IBM's Corporate Service Corps: A New Model for Global Leadership Development

When 700 future world leaders gathered today at IBM's centennial conference, THINK: a Forum on the Future of Leadership, they heard some of today's leaders from government, business, academia and science make provocative statements about what it will take to lead successfully in the first truly global century.

IBMers think about these issues every day. We're constantly experimenting with new ideas about how to renew our enterprise. One of our most successful experiments in recent years is the Corporate Service Corps. Through the three-year-old program, IBM sends teams of from eight to 15 high-potential employees to work with government, business and civic leaders in emerging markets to help them address high-priority issues. The program is designed to boost our efforts to be more global and to help enable progress by using advanced technologies to make a smarter planet. Indeed, the CSC has emerged as a new model for leadership development and social engagement in the 21st century.

So far, 1,200 people from more than 50 countries have participated in the CSC, serving on more than 120 teams in more than 25 countries. The host countries range from large economies such as Brazil, China, and Russia to emergent ones such as Kenya, Egypt and Vietnam. In the latest expansion of scope, IBM has pledged to double its CSC activities in Africa, sending 600 people there over the next three years.

The CSC and its offshoot, the Executive Service Corps, have produced rich dividends for IBM, its employees and the communities in which it does business. Communities get their problems addressed--free of charge. IBMers receive leadership development and have life-changing experiences. And IBM develops a new generation of global leaders and gains footholds in emerging markets.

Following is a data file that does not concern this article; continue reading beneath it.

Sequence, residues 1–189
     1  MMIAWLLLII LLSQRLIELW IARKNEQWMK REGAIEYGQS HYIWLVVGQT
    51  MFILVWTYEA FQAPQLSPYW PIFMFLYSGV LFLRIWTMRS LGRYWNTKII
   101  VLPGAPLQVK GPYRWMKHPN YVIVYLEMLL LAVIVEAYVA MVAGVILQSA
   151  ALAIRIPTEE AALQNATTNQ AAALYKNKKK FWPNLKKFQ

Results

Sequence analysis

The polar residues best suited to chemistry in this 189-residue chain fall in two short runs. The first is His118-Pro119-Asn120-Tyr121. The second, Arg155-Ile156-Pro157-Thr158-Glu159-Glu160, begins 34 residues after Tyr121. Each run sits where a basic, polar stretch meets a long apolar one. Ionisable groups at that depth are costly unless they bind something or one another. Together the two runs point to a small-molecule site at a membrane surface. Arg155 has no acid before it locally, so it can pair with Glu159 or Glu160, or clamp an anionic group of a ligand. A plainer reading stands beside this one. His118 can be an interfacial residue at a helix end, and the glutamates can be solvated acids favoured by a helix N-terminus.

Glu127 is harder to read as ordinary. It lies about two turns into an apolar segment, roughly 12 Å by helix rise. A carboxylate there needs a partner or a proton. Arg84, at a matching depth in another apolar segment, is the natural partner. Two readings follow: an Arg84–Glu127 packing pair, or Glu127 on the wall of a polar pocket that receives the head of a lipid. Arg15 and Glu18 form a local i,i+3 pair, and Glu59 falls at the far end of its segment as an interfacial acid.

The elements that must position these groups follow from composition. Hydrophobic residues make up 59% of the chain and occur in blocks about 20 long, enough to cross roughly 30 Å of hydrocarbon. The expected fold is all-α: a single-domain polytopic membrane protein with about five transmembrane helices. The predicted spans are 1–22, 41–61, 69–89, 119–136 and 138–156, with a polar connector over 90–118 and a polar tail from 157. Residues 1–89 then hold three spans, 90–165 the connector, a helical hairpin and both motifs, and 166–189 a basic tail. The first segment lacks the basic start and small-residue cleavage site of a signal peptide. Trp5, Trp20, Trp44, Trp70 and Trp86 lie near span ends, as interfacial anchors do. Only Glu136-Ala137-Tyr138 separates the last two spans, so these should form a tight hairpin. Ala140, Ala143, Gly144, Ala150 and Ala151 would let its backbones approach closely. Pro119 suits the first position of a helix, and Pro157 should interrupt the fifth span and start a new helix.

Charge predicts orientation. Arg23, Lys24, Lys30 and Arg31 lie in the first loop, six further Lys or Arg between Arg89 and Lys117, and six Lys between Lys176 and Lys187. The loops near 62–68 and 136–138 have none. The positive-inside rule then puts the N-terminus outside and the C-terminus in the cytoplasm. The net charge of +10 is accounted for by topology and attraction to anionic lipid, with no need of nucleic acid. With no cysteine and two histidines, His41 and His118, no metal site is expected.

IBM has helped a half-dozen other companies put together similar programs, including FedEx, Deere and Dow Corning. In mid-2011, IBM announced a partnership with the United States Agency for International Development (USAID) to encourage corporate citizenship with a goal of improving global relations. One aspect of the alliance is a Center of Excellence for International Corporate Volunteerism, funded by USAID, which will provide resources and an information forum for companies that are interested in pursuing strategies based on IBM's model.

The program could have its greatest impact outside of the walls of IBM. If it is widely recognized as a powerful leadership and social engagement platform by other companies, that could have a transformational effect on global economic development. If every company in the Fortune 500 adopted the CSC model and deployed just 100 employees per year to work on teams in emerging markets, 50,000 skilled people per year would be sent out to address serious problems in developing societies. Larger commitments would produce even larger effects.

Such activities could improve relationships between the people of the developing world and those of the mature democracies. IBM's longtime leader, Thomas J. Watson Sr., coined a motto: "World Peace Through World Trade." The Corporate Service Corps offers a new promise: If businesses share their skills and knowledge with the governments and people of the developing world, we'll all be better off.

For a recently-completed report describing and assessing the Corporate Service Corps, click on this link.

For a more detailed look at the Corporate Service Corps, click on this link.